Jack then proposed another pact: he would set him free in exchange for ten more years of life. The Devil, compelled to accept due to the embarrassing situation, agreed and returned to hell empty-handed.

Or Turnip or Life

story jack o' lanterns
Source and credit: Jovan Ukropina

After another ten years of drunkenness and debauchery, the Devil returned to knock on the door of our jolly companion (once again on October 31st) with a firm intention to make amends and finally claim Stingy Jack’s cursed soul (which, all things considered, he probably deserved, let’s be honest).

Jack, however, once again decided to mock the devil and, pretending to accept his fate, asked for one last wish: to fetch him a succulent apple from a nearby tree to eat before his departure. The Devil (who at this point seems far too naive compared to his preceding reputation) once again agreed and climbed the tree. At that point, Jack carved a cross at the base of the tree, leaving the Devil unable to descend. Once again, the victorious blacksmith made him an offer: he would set him free if Lucifer would finally give up on taking his boozy hide. Exhausted, the devil accepted and left him alone.

Jack, however, at some point, pushed his alcoholic and manipulative luck, as one would expect (he probably died of cirrhosis), and brazen as he was in life, he remained so in death, showing up at the gates of heaven, where, of course, he was cast out.

He then presented himself at the gates of hell, but the Devil, eager for revenge, decided to honor the pact and cast him out, telling him that, as promised, he could not take his soul. Not satisfied, he hurled a burning ember at him (according to some versions of the story, he did this to alert other souls to Jack’s presence, but given it’s the Devil, he probably just wanted to torment him further). At this point, Jack, for some reason, had a turnip in his pocket (?!?!?!?!?!) and he carved it out, hollowed it, and used it to contain the ember, illuminating his way and searching for a place to rest (or more likely, a place to drink) while awaiting Judgment Day.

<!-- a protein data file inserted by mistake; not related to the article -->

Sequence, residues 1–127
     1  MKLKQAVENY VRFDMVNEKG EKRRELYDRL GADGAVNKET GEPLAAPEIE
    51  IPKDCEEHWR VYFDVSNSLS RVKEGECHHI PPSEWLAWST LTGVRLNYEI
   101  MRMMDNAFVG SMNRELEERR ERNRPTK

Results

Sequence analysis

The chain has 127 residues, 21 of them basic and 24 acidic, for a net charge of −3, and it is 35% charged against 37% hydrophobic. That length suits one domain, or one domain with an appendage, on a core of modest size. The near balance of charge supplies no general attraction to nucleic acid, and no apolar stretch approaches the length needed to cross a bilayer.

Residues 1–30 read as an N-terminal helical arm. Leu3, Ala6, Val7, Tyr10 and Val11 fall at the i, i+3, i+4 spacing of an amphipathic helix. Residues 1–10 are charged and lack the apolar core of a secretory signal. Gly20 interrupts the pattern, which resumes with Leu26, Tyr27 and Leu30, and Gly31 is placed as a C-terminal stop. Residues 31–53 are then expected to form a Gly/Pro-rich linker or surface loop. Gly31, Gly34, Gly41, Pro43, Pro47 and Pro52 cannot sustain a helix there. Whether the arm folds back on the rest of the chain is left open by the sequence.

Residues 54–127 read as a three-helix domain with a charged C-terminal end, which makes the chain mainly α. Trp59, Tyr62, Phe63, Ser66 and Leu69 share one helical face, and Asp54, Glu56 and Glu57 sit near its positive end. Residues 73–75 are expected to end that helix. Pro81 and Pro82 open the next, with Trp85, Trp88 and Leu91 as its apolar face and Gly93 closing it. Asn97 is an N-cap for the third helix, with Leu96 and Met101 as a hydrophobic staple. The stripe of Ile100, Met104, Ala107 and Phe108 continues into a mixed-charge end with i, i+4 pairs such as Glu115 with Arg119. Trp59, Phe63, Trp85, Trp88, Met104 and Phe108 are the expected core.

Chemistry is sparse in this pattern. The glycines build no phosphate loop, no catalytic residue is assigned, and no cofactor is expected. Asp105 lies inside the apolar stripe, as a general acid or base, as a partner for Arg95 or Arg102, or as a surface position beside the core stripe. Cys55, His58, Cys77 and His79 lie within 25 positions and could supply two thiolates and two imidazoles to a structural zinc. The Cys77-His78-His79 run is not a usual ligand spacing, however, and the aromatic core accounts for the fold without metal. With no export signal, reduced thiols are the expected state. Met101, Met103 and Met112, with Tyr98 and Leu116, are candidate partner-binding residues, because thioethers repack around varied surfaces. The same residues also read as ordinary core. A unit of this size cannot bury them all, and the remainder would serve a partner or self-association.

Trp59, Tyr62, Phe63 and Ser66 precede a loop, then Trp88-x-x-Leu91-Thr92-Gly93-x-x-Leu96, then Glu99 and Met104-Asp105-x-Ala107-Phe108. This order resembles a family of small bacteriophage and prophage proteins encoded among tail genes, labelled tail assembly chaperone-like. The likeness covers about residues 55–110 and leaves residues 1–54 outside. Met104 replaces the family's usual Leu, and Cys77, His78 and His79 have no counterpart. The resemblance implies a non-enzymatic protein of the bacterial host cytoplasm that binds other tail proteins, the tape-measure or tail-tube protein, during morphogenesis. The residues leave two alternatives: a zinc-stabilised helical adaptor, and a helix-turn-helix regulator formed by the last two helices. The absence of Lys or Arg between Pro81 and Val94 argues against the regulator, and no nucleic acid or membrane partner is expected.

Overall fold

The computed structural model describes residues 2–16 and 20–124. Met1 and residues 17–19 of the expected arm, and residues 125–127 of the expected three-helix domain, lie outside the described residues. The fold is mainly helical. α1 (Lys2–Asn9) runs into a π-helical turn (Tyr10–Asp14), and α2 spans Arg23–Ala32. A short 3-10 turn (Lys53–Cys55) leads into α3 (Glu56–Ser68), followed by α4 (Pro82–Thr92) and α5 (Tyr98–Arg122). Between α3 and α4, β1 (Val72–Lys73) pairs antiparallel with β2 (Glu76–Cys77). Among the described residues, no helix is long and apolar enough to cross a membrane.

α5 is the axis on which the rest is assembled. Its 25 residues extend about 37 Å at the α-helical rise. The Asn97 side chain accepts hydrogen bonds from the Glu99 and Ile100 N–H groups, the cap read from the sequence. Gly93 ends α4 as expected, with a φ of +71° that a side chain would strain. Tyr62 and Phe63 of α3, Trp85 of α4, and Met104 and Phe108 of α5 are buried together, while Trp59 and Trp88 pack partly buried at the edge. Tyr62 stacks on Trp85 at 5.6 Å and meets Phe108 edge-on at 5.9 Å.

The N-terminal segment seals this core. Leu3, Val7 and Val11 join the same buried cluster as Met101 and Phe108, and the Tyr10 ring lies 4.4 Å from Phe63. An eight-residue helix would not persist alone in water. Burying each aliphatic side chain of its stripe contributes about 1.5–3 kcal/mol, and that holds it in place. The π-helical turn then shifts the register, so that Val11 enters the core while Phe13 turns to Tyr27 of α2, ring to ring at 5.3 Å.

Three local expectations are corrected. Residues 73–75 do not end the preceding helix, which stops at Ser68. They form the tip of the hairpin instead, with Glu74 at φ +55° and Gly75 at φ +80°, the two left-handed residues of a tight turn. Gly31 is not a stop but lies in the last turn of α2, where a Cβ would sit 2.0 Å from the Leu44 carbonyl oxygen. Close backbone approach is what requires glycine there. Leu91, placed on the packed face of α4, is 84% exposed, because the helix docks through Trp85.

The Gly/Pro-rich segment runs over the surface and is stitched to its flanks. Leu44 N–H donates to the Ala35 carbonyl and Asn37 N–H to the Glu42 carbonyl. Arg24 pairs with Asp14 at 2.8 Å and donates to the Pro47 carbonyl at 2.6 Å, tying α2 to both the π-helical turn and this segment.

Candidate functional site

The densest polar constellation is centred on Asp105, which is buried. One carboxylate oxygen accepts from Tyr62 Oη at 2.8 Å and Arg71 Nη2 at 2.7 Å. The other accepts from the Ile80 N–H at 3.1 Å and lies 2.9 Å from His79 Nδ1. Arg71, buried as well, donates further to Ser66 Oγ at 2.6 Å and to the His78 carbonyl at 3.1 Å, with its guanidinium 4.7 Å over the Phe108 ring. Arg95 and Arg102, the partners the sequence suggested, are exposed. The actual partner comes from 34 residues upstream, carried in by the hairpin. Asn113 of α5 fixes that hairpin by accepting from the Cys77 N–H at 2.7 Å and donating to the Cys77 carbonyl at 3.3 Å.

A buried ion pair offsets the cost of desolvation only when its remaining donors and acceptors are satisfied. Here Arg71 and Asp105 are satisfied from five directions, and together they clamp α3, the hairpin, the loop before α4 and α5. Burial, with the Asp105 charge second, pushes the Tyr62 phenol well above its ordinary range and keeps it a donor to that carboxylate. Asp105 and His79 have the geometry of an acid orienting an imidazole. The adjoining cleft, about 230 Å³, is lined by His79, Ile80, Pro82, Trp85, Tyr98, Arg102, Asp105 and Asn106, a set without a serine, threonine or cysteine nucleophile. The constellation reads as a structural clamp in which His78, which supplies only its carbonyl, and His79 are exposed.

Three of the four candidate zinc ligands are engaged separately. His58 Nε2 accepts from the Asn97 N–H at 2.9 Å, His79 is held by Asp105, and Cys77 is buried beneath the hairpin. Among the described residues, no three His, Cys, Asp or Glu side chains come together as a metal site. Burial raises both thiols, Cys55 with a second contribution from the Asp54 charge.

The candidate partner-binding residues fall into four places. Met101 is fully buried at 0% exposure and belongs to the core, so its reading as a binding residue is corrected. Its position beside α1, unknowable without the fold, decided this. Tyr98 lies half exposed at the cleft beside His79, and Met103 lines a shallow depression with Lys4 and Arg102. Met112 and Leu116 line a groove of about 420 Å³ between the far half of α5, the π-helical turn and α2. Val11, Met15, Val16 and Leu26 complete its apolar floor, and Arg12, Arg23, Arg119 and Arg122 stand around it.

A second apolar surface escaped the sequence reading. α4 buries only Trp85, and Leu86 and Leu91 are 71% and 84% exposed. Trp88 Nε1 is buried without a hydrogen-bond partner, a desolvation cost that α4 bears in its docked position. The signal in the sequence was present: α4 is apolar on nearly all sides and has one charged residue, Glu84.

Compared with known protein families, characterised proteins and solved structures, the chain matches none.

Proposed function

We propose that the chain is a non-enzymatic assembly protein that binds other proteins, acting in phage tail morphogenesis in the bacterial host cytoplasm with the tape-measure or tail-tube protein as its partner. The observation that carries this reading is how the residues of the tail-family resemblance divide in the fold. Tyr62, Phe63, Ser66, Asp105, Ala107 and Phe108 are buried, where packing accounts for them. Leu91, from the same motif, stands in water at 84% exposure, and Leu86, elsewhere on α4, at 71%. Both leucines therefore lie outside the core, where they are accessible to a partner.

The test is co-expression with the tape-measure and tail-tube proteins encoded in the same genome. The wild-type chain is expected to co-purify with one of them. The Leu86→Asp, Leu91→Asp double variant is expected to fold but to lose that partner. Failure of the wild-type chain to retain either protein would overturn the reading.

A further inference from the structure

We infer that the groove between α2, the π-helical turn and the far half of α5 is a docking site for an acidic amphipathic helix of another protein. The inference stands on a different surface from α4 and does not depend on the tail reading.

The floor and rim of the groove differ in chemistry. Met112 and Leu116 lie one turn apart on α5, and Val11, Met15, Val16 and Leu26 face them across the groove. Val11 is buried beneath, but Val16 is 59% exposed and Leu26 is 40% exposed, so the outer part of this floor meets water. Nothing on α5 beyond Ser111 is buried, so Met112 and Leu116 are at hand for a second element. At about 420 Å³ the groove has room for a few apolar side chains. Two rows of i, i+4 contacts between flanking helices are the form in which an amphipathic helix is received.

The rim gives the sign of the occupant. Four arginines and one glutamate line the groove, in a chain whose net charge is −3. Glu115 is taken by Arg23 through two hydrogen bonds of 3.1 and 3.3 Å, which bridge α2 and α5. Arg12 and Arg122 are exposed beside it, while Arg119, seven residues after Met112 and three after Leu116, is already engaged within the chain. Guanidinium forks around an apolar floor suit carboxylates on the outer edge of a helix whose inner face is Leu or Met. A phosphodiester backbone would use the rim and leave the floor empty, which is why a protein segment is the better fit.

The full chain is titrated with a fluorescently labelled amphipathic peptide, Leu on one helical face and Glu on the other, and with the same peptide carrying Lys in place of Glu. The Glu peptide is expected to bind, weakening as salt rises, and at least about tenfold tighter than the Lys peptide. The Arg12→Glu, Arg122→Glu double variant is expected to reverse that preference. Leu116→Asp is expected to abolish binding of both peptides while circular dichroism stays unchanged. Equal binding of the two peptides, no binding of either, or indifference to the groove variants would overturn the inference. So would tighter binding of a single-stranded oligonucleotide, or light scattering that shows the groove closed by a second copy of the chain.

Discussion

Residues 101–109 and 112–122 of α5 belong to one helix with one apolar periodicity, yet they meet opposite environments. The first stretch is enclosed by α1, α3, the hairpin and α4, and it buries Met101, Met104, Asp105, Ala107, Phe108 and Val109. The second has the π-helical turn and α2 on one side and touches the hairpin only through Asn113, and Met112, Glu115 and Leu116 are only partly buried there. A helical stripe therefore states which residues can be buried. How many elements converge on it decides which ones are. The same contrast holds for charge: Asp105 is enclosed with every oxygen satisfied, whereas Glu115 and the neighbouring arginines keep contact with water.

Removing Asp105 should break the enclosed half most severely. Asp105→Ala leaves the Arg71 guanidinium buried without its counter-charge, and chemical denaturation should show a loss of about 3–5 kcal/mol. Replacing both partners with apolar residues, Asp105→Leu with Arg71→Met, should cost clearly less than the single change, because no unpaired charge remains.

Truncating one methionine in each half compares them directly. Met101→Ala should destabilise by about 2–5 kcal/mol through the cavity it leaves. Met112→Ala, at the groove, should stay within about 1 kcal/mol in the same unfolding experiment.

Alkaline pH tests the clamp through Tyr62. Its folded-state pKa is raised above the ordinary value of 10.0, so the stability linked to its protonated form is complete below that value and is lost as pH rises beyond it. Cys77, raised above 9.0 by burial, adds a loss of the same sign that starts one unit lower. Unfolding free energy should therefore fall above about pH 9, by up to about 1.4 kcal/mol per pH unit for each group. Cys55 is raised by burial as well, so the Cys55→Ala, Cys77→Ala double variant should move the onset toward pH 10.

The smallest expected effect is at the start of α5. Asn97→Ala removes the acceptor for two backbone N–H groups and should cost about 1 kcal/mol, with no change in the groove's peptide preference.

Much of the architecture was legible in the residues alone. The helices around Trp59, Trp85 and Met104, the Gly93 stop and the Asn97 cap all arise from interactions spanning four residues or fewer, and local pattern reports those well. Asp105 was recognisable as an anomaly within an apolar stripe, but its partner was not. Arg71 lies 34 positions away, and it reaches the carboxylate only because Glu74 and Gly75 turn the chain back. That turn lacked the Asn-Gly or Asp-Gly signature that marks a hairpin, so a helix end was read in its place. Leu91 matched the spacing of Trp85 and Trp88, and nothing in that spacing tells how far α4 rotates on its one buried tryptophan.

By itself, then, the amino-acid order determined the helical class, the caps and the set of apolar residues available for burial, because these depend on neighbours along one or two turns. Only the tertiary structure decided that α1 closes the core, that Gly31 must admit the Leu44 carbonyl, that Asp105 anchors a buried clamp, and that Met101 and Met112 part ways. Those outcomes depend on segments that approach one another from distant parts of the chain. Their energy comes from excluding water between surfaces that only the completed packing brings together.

story jack o' lanterns
The drunk and wandering Jack soul awaiting Judgment Day – Source and credit: The Stranger’s Bookshelf

From this comes the legend of Jack o’ Lantern, a wandering and damned soul who, on Halloween night, appears to roam around with a lit turnip (it’s funny, I know, but that’s the story) awaiting Judgment Day.

“But, uh, what does that have to do with pumpkin? No, no, he’s got a point.” (semi-quote: Kronk).

story jack o' lanterns - turnip
A plaster cast of a traditional Irish turnip Jack-o’-Lantern in the Museum of Country Life, Ireland –  Foto: By Rannpháirtí anaithnid at English Wikipedia, CC BY-SA 3.0

For those wondering at this point where on earth the pumpkins came from, it’s quickly explained: Irish immigrants, who had moved to the New World, couldn’t find turnips large enough to use for this holiday, so they decided to use pumpkins, which were much larger and abundant. Since then, carved pumpkins have become one of the most commonly used traditions and decorations for Halloween.

And to return to our Disney-loving people, we can find examples of this in the aforementioned cartoons, where, for instance, an enchanted pumpkin by the witch Hazel scares Donald Duck in the previously mentioned short film. At the same time, in the character of Jack Skellington, the Pumpkin King and Master of Ceremonies of Halloween Town, we can see a representation and inspiration drawn from the character of the old Stingy Jack!

Did you know the legend? Do you know of other versions? Tell us on our social media channels!